Re: Yes people do need data service while they're on a voice call I don't like to admit I want multi-tasking, the speeds are fine with me currently and I just don't want to feed the meter faster as prices rise for the highest capabilities. But, for a marketing ploy, multi-tasking claims will sell lots of folks. And that's the bottom line, provide something that appears to be cool, faster and more efficient and the dollars hopefully flow in.
jabailo 5/12/2014 | 12:54:05 PM
Skype is both At what point do we just start using Skype instead of "voice calls"...

 
Sarah Thomas 5/12/2014 | 12:43:01 PM
Re: Yes people do need data service while they're on a voice call I find myself using multitasking a lot when I have my headphones on for a call. It's a nice-to-have feature, but more than anything, it seems like a step back not to have that on an advanced LTE network. It was a big deal once Verizon got that ability. I just thought it was something the industry had already tackled, so it's a bit of a disappointment.
briandnewby 5/11/2014 | 1:44:06 PM
Re: Yes people do need data service while they're on a voice call I haven't noticed that I could multi-task on other Sprint phones, either.  I can't do that on my iPhone.

Our office has been testing a couple Sprint Spark devices for advance voting applications and the speed is very good.

But to the point about "is multi-tasking needed?" I have to say yes.  (At least as much as anything is a need).

I compare it to a car salesman years ago, when the Chevy Blazer model and color I wanted wasn't in stock, who tried to tell me that a 2 WD version would be okay--that I'd only need 4 WD a couple of times a year.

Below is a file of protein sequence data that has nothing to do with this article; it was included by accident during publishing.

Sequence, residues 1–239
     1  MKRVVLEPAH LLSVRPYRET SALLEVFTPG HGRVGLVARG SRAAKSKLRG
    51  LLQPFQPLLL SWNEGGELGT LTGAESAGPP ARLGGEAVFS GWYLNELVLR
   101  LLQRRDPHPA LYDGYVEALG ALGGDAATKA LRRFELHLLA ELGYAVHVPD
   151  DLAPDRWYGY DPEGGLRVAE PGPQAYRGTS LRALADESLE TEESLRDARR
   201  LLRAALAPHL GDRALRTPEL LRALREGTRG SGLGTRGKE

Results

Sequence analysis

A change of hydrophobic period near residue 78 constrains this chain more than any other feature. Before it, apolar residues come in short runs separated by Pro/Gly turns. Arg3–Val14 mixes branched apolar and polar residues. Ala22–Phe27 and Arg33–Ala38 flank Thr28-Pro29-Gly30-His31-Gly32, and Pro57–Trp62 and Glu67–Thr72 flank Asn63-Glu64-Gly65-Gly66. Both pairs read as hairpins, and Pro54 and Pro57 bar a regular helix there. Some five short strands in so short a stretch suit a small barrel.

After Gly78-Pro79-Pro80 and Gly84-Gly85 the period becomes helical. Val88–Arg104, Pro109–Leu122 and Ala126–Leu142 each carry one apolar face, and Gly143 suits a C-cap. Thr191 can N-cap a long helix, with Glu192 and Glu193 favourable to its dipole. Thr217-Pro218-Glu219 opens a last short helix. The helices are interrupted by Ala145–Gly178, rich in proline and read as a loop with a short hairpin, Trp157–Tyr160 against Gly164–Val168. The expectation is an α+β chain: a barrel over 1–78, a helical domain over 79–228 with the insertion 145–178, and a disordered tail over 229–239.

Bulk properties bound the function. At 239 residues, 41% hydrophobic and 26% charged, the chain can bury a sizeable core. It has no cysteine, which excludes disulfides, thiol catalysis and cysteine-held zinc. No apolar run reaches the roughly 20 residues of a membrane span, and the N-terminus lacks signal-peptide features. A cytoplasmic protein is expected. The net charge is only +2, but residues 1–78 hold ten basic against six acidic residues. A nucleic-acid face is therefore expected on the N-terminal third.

I only have to shovel my driveway about 5 times a winter, but I have the shovel for those times.

Often, I'm on my phone at my office and looking for an email just sent or sending something.  Needing that capability on the go is less frequent, but when it happens, it's akin to not have the snow shovel.

If Sprint's strategy/hope is that people will convince themselves that they really don't need full functionality, that seems like a strategy/hope leaning more to hope.
Mitch Wagner 5/10/2014 | 4:01:21 PM
Re: Yes people do need data service while they're on a voice call Valid use cases for some, but for me personally -- my Verizon iPhone doesn't do voice and data simultaneously. That was a big marketing point in AT&T's campaign against Verizon. And yet in the nearly two years I've had the iPhone 5, I've only once wanted to access the Internet while simultaneously making a voice call. 

The Sprint bandwidth is remarkable. I only get 30 Mbits download speed on my hard Cox connection. My Verizon iPhone gets 9.31 Mbits download and 13.01 Mb upload.
myhui 5/10/2014 | 3:04:44 PM
Yes people do need data service while they're on a voice call Examples:

Call up cloud-based appointment book while talking to a client on the phone.

Look at a pdf file just uploaded to Google Drive while talking to a coworker on the phone who wants to share that doc and discuss its contents.

Confirm the location of a business you're heading out to while talking to the business owner on the phone and looking at Google Maps Street View at the same time.

Discuss details of a scene with your film's director while looking at a video of a mock-up of the scene.
danielcawrey 5/10/2014 | 1:47:17 PM
Performance I would choose performance over multitasking. I am a horrible multitasker, so a I'd much rather have speed and battery life. 

Do people really need to be able to use data during calls? I guess some applications need it. But we are already such a distracted society I would argue that this is just not needed.